Second project phase of Carbon2Polymers project to convert gases to plastics launched

Second project phase of Carbon2Polymers project to convert gases to plastics launched

Covestro has started up a miniplant at its Dormagen site to research the use of CO from metallurgical gases.

On the path to climate neutrality, the development of new raw material sources is of central importance. The Carbon2Chem project is investigating, among other things, where cross-sector networking between the steel and chemical industries is possible. The German government is funding the project until 2024.

German materials firm Covestro is contributing its expertise to the Carbon2Polymers subproject.

The objective is to explore the use of carbon monoxide (CO) from steel industry metallurgical gases for the production of high-quality polycarbonates. Covestro has now commissioned a mini-plant for this purpose at its Dormagen site. This is where it is tested whether the quality of the CO from metallurgical gases is sufficient for further processing.

The innovative process has great sustainability potential: Initial life cycle analyses show that around 0.48 kg of CO₂ equivalent can be saved per kg of CO provided in the steel industry-chemical industry alliance. This means savings of more than 80%.

The lighthouse project proves how important industrial symbiosis is on the path to climate-neutral production in Germany. Covestro has been working closely with thyssenkrupp since 2016. RWTH Aachen University and the Max Planck Institute Mühlheim are also involved in the project. Among other things, they do life-cycle analyses for the processes and test and develop new catalysts.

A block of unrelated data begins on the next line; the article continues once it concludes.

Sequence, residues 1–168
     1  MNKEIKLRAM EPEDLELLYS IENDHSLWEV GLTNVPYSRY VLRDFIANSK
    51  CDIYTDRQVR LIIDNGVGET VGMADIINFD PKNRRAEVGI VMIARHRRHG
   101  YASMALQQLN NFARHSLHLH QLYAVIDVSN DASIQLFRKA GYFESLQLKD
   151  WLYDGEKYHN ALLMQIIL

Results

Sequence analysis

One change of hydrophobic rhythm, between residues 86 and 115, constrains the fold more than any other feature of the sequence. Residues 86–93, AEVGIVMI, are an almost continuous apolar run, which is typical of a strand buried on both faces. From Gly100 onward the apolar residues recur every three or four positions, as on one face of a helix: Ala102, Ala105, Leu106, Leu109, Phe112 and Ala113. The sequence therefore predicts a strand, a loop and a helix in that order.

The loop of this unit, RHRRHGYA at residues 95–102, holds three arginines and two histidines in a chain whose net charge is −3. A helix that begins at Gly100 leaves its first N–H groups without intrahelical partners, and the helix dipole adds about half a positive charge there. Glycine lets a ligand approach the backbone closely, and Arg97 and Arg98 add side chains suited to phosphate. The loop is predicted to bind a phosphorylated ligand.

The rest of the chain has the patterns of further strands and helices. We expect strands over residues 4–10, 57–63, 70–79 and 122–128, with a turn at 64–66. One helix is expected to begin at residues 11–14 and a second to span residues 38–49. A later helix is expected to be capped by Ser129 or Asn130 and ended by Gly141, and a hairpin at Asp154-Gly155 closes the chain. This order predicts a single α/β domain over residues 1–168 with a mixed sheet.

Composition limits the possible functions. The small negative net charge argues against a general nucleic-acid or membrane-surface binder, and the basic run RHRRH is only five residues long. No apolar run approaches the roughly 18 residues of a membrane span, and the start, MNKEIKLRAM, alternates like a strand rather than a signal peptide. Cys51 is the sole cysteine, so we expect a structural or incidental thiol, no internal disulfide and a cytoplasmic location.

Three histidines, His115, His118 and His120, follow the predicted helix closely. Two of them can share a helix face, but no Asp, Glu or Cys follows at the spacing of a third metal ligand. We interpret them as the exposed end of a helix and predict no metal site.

Dr. Stefanie Eiden heads the Carbon2Polymers subproject at Covestro. She is confident that the knowledge gained could also be helpful for other research projects: “Coke oven gases have the advantage that they bring with them many accompanying substances. If we succeed in processing the CO in such a way that we can use it to produce our high-performance plastics, we can also do the same with other non-fossil-based CO sources.” By the end of the year, it will be evaluated whether the innovative process is economically and ecologically viable.

Dr. Markus Steilemann, CEO of Covestro, sees the Carbon2Polymers project as a further milestone in the development of a global circular economy: “We can only succeed in the fight against climate change if we enter into profitable cooperations. The collaboration with thyssenkrupp illustrates once again the enormous contribution industry can make on the path to greenhouse gas-neutral production. By using coke oven gases, we are further advancing the repeated use of raw materials and thus closing the cycle.”

The industry is receiving support from politicians: the German government is funding the Carbon2Chem project with an additional EUR75 million until 2024. In this way, around 20 million tonnes of the steel industry’s annual CO₂ emissions in Germany are to be made economically viable in the long term.

Read: LanzaTech, BASF transform industrial off-gases into sustainable chemicals

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